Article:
Ultimate multi-column liquid layouts (em and pixel widths)

Ultimate multi-column liquid layouts

My Perfect multi-column liquid layouts that use percentage widths have been very popular and many people have emailed me asking for versions using pixel and em widths, well they are finally finished. I have also included an additional 'blog style' design.

This series of layouts use pixel and em widths and relative positioning, and they work with all the common web browsers including Safari on the iPhone and iPod touch.

They're also 'stackable' so you can use multiple column types on the one page. This makes the number of possible layouts endless!

Follow the links below for the demos and more detailed info:

The main features

Demo time

3 Column (Holy Grail) Liquid Layout: Pixels | Ems

The Holy Grail 3 Column Liquid Layout

The most common website layout is the three column design. It is also the most difficult one to get right. The main page is in the center with a narrow column on either side.

3 Column (Blog Style) Liquid Layout: Pixels | Ems

The 3 Column Blog Style Liquid Layout

This layout is quite popular with bloggers. The main page comes first and then two columns are placed on the right of the page.

2 Column (Left Menu) Liquid Layout: Pixels | Ems

The 3 Column Left Menu Liquid Layout

The two column layout is a simple clean design with a narrow left hand column that can be filled with a side menu and the main content page on the right.

2 Column (Right Menu) Liquid Layout: Pixels | Ems

The 3 Column Liquid Right Menu Layout

This layout is exactly the same as the one above except with the side column on the right.

1 Column (Full Page) Liquid Layout: Pixels | Ems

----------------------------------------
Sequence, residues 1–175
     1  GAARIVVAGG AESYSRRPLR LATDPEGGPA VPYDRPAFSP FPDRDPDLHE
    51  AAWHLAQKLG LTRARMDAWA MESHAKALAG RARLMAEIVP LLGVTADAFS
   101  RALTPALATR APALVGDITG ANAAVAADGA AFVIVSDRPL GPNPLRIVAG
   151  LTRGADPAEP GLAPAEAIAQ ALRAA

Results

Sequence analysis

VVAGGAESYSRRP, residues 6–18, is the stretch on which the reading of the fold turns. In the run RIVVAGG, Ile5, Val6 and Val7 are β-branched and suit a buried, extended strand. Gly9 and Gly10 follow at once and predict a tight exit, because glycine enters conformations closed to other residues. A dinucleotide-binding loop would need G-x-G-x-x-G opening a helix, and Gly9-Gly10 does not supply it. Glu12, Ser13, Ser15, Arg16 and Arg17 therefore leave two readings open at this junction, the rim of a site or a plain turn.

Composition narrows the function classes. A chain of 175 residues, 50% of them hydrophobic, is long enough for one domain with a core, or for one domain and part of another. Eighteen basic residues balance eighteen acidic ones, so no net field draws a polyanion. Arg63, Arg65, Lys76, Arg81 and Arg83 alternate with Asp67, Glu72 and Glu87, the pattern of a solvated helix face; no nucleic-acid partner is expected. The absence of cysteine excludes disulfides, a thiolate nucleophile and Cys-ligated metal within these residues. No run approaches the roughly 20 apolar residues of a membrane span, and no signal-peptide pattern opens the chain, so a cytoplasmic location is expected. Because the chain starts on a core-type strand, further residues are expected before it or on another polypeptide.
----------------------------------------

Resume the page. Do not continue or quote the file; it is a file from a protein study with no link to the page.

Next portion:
The 1 Column Full Page Liquid Layout

Sometimes you may need to display some wide content like a large image, this layout has been designed specifically for this purpose.

Multi-Column Stacked Liquid Layout: Pixels | Ems

The Multi-Column Stacked Liquid Layout

The power and flexibility of the above layouts is extended by stacking any number of them together in any order to create an unlimited number of designs.

Overcoming cross-browser CSS issues

CSS can be tricky business particularly when you are trying to create complex liquid layouts for your websites (the hardest of all). To make matters worse, your design must work properly in a large number of browsers and operating systems. This can be a real headache because the numbers multiply out into dozens of combinations that need checking.

CSS hacks are bad

Because every browser has its own quirks, many people use hacks to overcome the little problems that arise. This has worked well 'til now but the number of browsers is growing and so too are the unexpected side effects of these hacks. In many instances, a hack fixes a problem in one browser but creates a new bug in another. Also when a new version of a browser comes out, any bugs that are now fixed will still cause problems because the old hacks are trying to fix a problem that's not there anymore.

Only use cross-browser CSS

The solution is to keep things simple and only use CSS that works in all browsers. One of the main things to avoid is horizontal margins, padding and borders on elements with a specified width. This causes big problems for Internet Explorer because of it's broken box model. Unfortunately, we can't simply ignore IE because it's the most widely used browser on the internet. If only everyone used Firefox!

If you like these layouts you may also be interested in my Floating boxes CSS layout.

Updated: 20 Jan 2008

First published: 20 Jan 2008